She has a bloke in Germany – and fair play, though I think she’s into me too she’s gonna be monogamous as they agreed to be and I respect that. I half expect to feel that sense of soul death that I used to get when I was a kid. Don’t worry, I will. No journey would be complete without at least one moment of existential dread. But not this time. Instead, just a sense of blossoming friendship. Shit, I’ve grown.
We talk a lot. Revolution, anarchism, the finer points of currency or no currency? Autonomy from the state or acceptance of unethical consumption? And other hot topics among anarchists who agree about pretty much everything else and are looking for something to debate.
It’s fun. When it comes time to go home, we faff around on the metro a bit before saying goodbye, then I realise I have to go up one stop on the same line. I run down the stairs after her just in time to wave goodbye as the train disappears into the tunnel.
On the way down the street to the hostel, I catch the eye of a drunken lady standing in the entrance to a cafe. We strike up conversation. It turns out she’s a quantum physicist at the university. In my heart, she says, I am an anarchist. But you have to work within the system to achieve anything. Uh huh. The owner of the cafe has his own contribution; in France, he says, we have solved the problem. We have the guillotine. Every 150 years we kill the lot of them; they need to be reminded who they work for. The problem is, we missed the last 150 years. I don’t have the energy to argue with either of them, so I chat for a bit around the subject and wander home.
Day 14: Barcelona
I’m getting pretty skint so my task this morning, once the hostel is re-booked, is to get cash from a Western Union. It takes me a while, partly because I enjoy myself, taking time to get coffee and breakfast. I speak to my dad on the phone and boast that I can write a song every two days when I have the time. He asks me to write a country song for him. Well, ok then I guess…
The cigarettes are still killing me a little. The pain in my chest has faded but I can feel the thinness of my health. Tomorrow’s plane is waiting and I’m half glad, half disappointed.
Before my friend left last night we exchanged numbers and part of me thinks she won’t text. But she does. There’s an open air gig tonight down by the harbour, past where I got robbed and she invites me. It’s a Spanish feminist rap group.
I catch a metro to Sagrada Famillia, near a Western Union, using my last few coins. Near the monument there are thousands of tourists, swarming the streets, a pickpocket’s wet dream. I’m carrying my passport to get the money out and I keep my hands on my pockets as I walk the couple blocks.
Getting the cash is a non-event. A polite and well trained cashier runs through the process she does every day. No inch of humanity escapes her professional facade. I didn’t expect it anyway. Sorted, I go outside for a coffee.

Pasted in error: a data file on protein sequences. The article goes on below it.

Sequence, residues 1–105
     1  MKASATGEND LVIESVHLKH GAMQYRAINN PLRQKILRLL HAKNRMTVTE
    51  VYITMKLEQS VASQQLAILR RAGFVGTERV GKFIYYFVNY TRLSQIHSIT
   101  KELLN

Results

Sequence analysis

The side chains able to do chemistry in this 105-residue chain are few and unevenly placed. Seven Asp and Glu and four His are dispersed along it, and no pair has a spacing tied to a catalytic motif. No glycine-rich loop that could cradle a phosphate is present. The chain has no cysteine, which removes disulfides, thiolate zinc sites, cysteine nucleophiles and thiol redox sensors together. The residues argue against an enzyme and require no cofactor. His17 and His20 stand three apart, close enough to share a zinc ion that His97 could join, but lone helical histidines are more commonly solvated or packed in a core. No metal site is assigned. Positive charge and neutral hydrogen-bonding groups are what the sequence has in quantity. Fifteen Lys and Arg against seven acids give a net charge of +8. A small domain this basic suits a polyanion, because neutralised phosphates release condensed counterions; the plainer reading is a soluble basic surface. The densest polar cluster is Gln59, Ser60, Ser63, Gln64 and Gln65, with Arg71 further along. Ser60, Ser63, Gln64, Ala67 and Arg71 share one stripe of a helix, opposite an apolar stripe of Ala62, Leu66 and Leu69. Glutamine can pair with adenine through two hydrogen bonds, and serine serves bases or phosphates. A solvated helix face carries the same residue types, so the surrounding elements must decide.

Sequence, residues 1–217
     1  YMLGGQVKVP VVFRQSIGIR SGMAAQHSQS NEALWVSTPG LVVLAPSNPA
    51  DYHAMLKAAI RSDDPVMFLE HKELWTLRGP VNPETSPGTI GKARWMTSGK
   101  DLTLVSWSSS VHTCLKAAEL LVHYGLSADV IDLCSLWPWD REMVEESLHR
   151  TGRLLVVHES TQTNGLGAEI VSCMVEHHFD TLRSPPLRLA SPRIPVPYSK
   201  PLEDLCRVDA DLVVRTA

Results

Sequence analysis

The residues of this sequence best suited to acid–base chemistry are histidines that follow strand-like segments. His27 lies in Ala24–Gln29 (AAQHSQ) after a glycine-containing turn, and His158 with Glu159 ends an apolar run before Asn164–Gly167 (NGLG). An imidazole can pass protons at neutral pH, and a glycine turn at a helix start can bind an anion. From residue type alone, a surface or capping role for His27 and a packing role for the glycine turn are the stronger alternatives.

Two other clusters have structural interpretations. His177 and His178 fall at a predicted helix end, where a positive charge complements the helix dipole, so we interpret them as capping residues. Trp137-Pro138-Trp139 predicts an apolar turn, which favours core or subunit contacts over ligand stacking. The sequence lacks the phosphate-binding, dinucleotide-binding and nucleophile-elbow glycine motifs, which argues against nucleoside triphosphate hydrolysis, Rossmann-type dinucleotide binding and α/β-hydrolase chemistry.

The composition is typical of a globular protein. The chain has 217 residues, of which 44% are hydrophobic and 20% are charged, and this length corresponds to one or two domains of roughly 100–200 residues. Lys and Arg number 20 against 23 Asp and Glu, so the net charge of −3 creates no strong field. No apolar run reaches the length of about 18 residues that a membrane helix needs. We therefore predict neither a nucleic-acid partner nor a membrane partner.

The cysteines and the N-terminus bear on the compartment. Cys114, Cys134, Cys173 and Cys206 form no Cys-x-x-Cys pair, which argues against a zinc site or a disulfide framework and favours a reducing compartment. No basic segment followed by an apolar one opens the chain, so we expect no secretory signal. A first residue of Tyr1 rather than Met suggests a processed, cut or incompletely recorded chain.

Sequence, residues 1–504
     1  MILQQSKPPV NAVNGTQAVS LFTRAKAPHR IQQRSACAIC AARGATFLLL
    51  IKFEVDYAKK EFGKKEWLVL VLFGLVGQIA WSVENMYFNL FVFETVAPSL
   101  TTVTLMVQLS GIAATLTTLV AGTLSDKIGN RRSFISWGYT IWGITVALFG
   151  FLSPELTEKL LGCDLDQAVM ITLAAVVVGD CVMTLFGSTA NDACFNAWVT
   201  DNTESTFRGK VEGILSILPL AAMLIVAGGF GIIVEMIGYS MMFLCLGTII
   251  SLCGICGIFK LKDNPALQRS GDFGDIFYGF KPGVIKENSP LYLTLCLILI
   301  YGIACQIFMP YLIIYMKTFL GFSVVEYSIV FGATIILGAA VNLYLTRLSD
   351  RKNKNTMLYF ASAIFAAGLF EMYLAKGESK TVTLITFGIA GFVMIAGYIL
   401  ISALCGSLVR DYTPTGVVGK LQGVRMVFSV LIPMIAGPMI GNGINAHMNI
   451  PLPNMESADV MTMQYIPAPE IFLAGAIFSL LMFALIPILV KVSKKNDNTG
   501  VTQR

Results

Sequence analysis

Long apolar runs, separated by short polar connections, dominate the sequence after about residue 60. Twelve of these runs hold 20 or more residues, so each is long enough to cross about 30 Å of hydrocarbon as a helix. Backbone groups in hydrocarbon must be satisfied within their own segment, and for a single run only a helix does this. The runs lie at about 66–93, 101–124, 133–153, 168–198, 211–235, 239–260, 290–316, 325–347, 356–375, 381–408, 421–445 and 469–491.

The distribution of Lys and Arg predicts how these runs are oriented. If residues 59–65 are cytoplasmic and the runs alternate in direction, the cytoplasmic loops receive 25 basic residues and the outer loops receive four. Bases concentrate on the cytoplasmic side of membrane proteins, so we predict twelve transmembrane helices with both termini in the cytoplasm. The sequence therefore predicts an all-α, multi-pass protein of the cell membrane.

I’m chatting to a Barcelona student on Tinder but there probably isn’t time for us to meet and I can feel him flaking. When he says he’s busy I’m kind of glad – it’s not beyond me to waste time and money getting to a meeting point he didn’t agree to, especially when I’m not sure how to fill the day.
Back at the hostel I slowly get myself into a zone to write. I cheat a bit and listen to a backing track to get the structure ok. It goes:
Day by Day
The streets aren’t the same
That I once knew
The sun outshines the rain
More than it used to
But the tears still fall
When I remember you
And how I took the road
To anywhere new
In all the bars
the drinkers sing
The praises of
But ever since
I lost your ring
There’s a weight in my hand
Where it used to be
I dream you’re sleeping
There in the dark
The one beside you
Doesn’t share your heart
In the beginning
Maybe you dreamed too
But now I’m nothing
But a broken fool
So I’ll catch a plane
To another life
As soon as I arrive
I can’t turn around
There is no way
So I just keep breathing
Day by day
Don’t boast if you can’t back it up. It ain’t the best thing I’ve ever done but I don’t mind it. While I’m working, the German guy from a bunk across from me comes in. It turns out he likes country music too, kinda, and we talk about True Detective and how great it was. I lie still for a bit and try and get into siesta mode but it ain’t happening, so I start getting ready to go out instead. The guy asks me what I’m up to – just gonna go make some dinner before I go out, I reply, you? I dunno, I’m kinda bored. You wanna come with?
He does. We slow walk across to the supermarket chatting shit. Turns out he’s an architecture student, here to draw the buildings. When he asks me what I’m here for I give my now standard response – 50/50 vacation and trabajo. What kind of work? Politics. And so the endless conversation begins again.